A autora esboça uma imagem de Jesus mais ou menos assim: ele provavelmente tinha cerca de 1,66 m de altura, um pouco magro e razoavelmente musculoso, com a pele oliva, cabelo castanho escuro a preto e olhos castanhos. Ele provavelmente usava barba escura, curta e desleixada, e estava na faixa dos 30 anos no início de seu ministério. E se vestia de maneira muito simples. Suas características faciais precisas, no entanto, permanecem desconhecidas.

Jesus, em esboço de Joan Taylor, What Did Jesus Look Like? London: Bloomsbury T&T Clark, 2018, p. 192 (Figure 76)

Joan E. Taylor publicou recentemente dois artigos sobre este tema:

:. What did Jesus really look like, as a Jew in 1st-century Judaea? – The Irish Times: February 9, 2018

:. What did Jesus wear? – The Conversation: February 8, 2018

Joan E. Taylor é Professora de Origens Cristãs e Judaísmo do Segundo Templo no King’s College de Londres, Reino Unido.

Veja uma resenha do livro por Jim West, publicada em 09.02.2018, aqui.

Diz ele:

The title of the book poses a question:  what did Jesus look like?  At first blush it may seem that the aim of the book is to answer that question of the man known as Jesus of Nazareth but in fact the question, more fully stated, which this book addresses is far more comprehensive than merely wondering what Jesus of Nazareth looked like.  It wonders how Jesus has been imagined through the entire history of Christianity.  What did Jesus look like to the Byzantines?  What did he look like to Europeans?  How has he been portrayed in art and icon? The result of Taylor’s incisive study is a spectacular survey (…) Jesus, with lice…   This book is genius.  A term I am not used to using of books, or most authors and scholars.  But here it applies to both book and scholar.  Pure genius.  Read it and you’ll not regret a page of it.

Um tempo de magia e milagres: a aurora do cristianismo

Pesquisando as origens do cristianismo, este livro analisa por que foi que as pessoas,  primeiro na Judeia e, em seguida, no mundo mediterrâneo romano e grego, tornaram-se suscetíveis à nova religião. Robert Knapp procura respostas em uma ampla exploração de religião e vida cotidiana de 200 a.C. até o final do século primeiro d. C.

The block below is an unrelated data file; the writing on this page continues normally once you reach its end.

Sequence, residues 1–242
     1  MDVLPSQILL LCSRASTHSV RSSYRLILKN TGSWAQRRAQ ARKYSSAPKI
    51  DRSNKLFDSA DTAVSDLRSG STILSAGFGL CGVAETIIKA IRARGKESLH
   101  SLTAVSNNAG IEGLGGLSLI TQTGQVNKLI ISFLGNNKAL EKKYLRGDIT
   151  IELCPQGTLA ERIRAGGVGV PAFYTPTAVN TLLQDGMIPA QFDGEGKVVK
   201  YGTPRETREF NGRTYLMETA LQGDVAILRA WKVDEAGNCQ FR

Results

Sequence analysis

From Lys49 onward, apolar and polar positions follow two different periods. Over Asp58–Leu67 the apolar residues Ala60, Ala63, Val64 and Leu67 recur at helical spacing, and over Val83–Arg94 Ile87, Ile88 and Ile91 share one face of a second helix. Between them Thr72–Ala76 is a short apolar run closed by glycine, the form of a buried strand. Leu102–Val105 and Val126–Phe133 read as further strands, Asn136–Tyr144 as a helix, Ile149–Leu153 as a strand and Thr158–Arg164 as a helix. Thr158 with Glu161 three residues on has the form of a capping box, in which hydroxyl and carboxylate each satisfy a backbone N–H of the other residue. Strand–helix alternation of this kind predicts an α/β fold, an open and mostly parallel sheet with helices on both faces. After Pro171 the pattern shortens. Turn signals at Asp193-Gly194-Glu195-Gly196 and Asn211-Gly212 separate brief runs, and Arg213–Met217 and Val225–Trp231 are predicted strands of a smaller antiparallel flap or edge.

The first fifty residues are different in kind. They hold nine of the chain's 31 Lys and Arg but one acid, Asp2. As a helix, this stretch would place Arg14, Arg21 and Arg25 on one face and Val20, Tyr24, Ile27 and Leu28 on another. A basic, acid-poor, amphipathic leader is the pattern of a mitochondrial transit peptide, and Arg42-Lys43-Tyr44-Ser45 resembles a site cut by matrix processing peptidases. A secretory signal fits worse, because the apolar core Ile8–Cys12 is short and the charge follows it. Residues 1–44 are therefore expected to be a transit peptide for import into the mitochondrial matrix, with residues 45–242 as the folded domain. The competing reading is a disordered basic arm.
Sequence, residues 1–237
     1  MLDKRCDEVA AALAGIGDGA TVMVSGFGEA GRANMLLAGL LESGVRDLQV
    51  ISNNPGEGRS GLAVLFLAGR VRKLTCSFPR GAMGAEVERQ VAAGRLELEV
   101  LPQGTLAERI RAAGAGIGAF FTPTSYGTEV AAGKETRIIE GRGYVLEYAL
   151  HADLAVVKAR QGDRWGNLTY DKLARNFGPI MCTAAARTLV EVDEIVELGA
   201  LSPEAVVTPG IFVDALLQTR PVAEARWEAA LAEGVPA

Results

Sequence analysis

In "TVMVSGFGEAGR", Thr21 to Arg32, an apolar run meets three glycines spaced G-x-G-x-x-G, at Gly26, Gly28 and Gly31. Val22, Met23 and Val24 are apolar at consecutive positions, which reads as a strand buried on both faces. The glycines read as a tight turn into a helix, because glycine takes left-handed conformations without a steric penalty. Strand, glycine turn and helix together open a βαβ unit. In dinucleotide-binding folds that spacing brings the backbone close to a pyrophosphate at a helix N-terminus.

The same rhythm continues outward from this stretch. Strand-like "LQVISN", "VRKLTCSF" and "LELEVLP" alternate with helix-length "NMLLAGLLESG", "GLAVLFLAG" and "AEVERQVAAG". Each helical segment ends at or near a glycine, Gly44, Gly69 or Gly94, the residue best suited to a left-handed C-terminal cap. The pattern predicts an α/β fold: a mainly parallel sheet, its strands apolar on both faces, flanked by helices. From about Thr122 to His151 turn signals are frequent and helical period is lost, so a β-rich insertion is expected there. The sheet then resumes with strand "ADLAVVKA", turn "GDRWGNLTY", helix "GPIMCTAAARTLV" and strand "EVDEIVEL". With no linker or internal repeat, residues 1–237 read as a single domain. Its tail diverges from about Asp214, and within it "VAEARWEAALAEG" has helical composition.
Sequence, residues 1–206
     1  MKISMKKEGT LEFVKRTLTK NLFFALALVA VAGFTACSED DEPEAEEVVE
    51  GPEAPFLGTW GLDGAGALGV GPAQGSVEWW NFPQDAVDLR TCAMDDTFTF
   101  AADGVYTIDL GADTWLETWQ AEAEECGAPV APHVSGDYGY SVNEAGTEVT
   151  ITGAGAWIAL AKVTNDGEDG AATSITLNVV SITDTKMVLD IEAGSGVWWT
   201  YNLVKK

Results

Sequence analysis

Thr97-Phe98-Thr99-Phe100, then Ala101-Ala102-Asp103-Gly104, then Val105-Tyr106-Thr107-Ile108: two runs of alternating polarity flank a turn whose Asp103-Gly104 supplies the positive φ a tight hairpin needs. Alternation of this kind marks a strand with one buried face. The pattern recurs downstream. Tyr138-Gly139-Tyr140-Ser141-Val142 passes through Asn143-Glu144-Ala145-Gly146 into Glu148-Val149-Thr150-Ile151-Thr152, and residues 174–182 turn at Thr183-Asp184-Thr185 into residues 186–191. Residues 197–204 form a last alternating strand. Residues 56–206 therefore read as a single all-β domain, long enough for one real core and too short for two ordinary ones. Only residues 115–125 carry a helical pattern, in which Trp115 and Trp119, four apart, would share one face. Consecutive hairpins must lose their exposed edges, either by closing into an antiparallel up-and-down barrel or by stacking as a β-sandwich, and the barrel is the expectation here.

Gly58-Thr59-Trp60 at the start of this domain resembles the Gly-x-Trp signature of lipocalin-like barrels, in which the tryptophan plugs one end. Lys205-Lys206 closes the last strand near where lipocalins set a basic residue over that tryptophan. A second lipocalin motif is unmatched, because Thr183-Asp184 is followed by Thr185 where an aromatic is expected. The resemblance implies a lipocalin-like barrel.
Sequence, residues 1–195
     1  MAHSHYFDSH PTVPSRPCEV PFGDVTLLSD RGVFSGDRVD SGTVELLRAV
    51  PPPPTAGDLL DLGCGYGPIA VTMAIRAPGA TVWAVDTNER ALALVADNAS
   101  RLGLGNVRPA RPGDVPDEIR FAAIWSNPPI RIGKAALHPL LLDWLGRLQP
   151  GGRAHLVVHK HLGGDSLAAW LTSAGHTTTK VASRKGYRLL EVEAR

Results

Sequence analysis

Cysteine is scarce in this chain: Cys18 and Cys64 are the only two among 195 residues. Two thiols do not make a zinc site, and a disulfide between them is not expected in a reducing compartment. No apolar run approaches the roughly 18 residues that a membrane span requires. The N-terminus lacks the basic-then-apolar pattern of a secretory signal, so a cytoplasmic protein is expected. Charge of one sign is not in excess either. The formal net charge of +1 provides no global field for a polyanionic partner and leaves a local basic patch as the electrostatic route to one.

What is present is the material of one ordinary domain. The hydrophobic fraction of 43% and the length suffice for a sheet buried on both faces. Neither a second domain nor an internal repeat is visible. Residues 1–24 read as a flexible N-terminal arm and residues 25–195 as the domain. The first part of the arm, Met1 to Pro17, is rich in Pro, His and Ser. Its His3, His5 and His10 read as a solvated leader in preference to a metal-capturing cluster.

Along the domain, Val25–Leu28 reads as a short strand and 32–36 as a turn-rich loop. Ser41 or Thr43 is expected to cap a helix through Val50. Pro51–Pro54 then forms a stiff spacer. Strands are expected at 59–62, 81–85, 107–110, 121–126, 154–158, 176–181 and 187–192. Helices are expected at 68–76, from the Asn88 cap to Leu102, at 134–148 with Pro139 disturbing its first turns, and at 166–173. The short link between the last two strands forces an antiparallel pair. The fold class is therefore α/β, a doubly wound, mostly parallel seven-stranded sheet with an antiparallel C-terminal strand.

KNAPP, R. The Dawn of Christianity: People and Gods in a Time of Magic and Miracles. Cambridge, MA: Harvard University Press, 2017, XVI + 303 p. – ISBN 9780674976467. 

KNAPP, R. The Dawn of Christianity: People and Gods in a Time of Magic and Miracles. Cambridge, MA: Harvard University Press, 2017, XVI + 303 p.

Exploring the origins of Christianity, this book looks at why it was that people first in Judea and then in the Roman and Greek Mediterranean world became susceptible to the new religion. Robert Knapp looks for answers in a wide-ranging exploration of religion and everyday life from 200 BC to the end of the first century.

Survival, honour and wellbeing were the chief preoccupations of Jews and polytheists alike. In both cases, the author shows, people turned first to supernatural powers. According to need, season and place polytheists consulted and placated vast constellations of gods, while the Jews worshipped and contended with one almighty and jealous deity.

Professor Knapp considers why any Jew or polytheist would voluntarily dispense with a well-tried way of dealing with the supernatural and trade it in for a new model. What was it about the new religion that led people to change beliefs they had held for millennia and which in turn, within four centuries of the birth of its messiah, led it to transform the western world? His conclusions are as convincing as they are sometimes surprising.

Robert Knapp is Professor Emeritus of Classics at the University of California, Berkeley. Confira mais aqui.

Leia a resenha de Giovanni Alberto Cecconi, Università degli Studi Firenze, Italia – Bryn Mawr Classical Review 2018.02.20.